The importance of conducting ‘quality’ pre-deployment hostile environment CP training
The nature of the typical security contracts now being awarded to the many Private Security Companies (PSC’s) on the hostile environment circuit today, has seen a dramatic shift from well-funded government regeneration/infrastructure type contracts to those of a more commercial nature, such as the oil and gas industry contracts in Iraq.
How does this affect us as Close Protection Operatives (CPO’s)?
In the past, those well resourced ‘cost plus’ government contracts allowed the PSC’s to have in place an in-country induction training team. Those teams were tasked with the induction training (typically 7 to 10 days) of former soldiers, many of whom had no formal CP training or qualifications, in order to get them up to a minimum standard to then take up a position as an operator in a security escort team.
This was an excellent and vital package for any newly hired CPO, as those of us who enjoyed quality military careers, certainly then got to appreciate the different skill-set required to be applied in order to become a Hostile Environment CPO (HECPO). Although related, and critical for anyone considering a career in HECP, our military careers do not fully prepare former soldiers for them to hit the ground running on their first contract.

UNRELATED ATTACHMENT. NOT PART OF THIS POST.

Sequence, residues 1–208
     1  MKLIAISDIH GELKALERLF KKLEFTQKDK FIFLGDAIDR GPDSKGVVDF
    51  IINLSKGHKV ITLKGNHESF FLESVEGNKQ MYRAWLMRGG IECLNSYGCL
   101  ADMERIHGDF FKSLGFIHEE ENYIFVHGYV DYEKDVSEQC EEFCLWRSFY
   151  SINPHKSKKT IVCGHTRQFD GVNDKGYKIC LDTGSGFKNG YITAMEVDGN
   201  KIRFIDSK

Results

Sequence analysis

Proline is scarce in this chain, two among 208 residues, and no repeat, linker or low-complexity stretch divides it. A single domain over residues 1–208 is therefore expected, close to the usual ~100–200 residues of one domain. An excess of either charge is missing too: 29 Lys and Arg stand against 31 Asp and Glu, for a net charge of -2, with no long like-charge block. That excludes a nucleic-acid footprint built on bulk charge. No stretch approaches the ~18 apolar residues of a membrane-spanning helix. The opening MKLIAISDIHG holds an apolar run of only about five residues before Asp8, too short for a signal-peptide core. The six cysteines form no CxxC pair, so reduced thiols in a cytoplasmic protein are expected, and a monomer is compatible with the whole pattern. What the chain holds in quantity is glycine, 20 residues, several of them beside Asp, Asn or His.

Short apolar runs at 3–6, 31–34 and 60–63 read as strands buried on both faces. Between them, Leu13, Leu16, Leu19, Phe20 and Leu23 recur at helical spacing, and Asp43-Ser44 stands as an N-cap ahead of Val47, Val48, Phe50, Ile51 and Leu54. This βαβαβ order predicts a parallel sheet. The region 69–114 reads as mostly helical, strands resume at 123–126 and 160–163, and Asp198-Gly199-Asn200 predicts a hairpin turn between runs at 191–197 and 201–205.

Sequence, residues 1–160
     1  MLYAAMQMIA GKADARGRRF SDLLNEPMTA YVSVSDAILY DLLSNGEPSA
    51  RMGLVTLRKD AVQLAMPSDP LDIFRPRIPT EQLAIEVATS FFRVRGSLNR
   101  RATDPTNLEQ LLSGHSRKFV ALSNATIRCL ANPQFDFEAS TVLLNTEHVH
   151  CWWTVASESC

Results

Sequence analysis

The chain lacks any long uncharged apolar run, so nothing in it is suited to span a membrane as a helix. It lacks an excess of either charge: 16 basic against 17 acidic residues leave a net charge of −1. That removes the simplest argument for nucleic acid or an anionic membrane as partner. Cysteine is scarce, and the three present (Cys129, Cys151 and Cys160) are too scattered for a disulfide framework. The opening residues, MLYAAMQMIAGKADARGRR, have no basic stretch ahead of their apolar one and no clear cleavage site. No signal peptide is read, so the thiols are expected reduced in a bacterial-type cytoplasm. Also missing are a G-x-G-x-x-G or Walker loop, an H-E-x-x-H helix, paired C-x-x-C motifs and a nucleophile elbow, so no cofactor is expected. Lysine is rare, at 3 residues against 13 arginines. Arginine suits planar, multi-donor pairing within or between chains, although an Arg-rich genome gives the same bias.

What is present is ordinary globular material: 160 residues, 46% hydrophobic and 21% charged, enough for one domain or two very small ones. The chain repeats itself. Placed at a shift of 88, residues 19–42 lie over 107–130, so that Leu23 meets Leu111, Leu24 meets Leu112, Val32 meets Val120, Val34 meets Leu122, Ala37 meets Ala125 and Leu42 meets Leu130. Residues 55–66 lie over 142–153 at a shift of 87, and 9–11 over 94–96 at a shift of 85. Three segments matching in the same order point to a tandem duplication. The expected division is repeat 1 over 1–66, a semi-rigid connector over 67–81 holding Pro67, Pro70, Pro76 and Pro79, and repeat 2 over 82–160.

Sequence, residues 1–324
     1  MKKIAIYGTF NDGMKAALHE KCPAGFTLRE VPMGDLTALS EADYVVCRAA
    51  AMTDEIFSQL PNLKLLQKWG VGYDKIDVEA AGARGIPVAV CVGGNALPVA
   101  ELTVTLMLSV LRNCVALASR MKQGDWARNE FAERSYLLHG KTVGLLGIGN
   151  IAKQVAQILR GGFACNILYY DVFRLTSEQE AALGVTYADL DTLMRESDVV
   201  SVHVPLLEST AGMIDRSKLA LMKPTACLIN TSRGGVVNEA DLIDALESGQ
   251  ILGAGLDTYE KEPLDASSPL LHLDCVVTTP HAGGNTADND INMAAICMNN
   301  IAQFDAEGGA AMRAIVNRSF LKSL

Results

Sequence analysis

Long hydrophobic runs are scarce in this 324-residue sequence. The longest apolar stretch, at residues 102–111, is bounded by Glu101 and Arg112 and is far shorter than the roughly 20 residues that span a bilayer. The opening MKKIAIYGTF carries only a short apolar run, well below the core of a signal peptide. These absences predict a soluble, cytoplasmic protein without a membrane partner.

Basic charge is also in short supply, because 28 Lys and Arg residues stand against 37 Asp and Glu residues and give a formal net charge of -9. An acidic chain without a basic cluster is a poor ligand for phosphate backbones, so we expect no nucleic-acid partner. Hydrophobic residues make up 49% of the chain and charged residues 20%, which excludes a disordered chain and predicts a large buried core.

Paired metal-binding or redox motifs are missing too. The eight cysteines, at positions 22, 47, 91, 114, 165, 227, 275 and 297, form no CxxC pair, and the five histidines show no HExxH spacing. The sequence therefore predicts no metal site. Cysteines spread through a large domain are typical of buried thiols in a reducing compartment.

The industry standard Level 3 CP courses (or rather, the more reputable ones), do go some way in delivering the basic (softer) skills of close protection through the fifteen modules as laid down by the SIA, but this course was specifically designed for those wishing to embark on a career in executive protection, typically in the UK, and is a requirement in order to then apply for the SIA front-line licence in close protection. As is commonly known, the SIA licence has now largely become a requirement for most contracts on the HECP Circuit, since the unfortunate event in Baghdad a few years ago when an unlicensed CPO with no CRB checks attacked and killed two colleagues after a drinking fight.
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